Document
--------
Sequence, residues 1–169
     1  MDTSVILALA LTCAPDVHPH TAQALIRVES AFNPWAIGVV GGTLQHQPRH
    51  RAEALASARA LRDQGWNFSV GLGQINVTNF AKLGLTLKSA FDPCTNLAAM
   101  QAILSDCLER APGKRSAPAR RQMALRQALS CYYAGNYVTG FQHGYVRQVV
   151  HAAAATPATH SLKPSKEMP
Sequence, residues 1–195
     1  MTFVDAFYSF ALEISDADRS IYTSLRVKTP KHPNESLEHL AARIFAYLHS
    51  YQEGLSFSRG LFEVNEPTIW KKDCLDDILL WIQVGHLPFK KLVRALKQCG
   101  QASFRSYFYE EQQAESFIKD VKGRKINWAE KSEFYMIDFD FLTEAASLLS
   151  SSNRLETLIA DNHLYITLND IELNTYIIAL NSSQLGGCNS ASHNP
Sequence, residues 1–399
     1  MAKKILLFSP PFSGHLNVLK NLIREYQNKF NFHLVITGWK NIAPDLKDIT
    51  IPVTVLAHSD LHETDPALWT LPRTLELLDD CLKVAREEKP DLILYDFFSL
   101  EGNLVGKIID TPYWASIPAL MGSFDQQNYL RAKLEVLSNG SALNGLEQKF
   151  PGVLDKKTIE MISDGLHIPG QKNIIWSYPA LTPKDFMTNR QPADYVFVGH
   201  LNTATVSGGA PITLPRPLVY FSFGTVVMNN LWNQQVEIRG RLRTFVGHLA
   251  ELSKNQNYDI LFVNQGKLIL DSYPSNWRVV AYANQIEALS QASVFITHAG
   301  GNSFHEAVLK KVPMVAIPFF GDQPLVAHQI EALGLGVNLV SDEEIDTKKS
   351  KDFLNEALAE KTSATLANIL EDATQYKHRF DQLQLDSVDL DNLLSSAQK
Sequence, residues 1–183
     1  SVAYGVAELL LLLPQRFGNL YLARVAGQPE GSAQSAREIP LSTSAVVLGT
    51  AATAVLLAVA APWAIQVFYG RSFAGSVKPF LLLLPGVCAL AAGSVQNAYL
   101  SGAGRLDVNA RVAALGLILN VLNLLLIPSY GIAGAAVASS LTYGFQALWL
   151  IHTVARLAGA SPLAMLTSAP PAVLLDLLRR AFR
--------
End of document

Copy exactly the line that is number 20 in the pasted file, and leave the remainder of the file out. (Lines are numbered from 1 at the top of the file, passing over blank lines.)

Sequence, residues 1–183